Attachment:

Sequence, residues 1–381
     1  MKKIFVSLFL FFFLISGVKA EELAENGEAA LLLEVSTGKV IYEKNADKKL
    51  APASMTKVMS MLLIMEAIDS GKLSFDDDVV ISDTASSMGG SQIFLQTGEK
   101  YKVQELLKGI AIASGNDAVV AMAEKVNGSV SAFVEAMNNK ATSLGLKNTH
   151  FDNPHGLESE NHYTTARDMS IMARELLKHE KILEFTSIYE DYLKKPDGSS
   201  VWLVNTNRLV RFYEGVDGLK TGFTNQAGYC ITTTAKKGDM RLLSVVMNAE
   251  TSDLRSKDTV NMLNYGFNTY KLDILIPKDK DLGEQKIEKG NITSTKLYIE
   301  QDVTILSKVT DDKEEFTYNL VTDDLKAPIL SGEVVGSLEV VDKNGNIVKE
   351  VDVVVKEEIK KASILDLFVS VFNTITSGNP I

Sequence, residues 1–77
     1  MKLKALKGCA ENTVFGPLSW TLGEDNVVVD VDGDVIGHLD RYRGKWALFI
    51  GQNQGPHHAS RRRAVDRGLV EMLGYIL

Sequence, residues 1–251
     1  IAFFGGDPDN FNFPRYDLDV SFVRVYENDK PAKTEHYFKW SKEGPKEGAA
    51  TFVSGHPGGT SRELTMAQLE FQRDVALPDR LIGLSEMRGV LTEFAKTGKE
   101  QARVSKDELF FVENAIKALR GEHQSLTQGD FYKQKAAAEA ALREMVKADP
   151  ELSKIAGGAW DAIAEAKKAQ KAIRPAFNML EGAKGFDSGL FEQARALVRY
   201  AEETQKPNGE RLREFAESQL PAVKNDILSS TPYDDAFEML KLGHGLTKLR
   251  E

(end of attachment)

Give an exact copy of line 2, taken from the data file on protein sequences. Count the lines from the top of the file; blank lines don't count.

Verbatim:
     1  MKKIFVSLFL FFFLISGVKA EELAENGEAA LLLEVSTGKV IYEKNADKKL